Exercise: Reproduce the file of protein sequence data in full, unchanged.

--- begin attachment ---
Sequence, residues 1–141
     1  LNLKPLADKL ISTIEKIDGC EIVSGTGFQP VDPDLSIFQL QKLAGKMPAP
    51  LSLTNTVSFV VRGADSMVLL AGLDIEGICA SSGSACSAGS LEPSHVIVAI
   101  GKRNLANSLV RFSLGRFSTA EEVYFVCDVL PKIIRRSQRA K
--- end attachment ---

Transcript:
Sequence, residues 1–141
     1  LNLKPLADKL ISTIEKIDGC EIVSGTGFQP VDPDLSIFQL QKLAGKMPAP
    51  LSLTNTVSFV VRGADSMVLL AGLDIEGICA SSGSACSAGS LEPSHVIVAI
   101  GKRNLANSLV RFSLGRFSTA EEVYFVCDVL PKIIRRSQRA K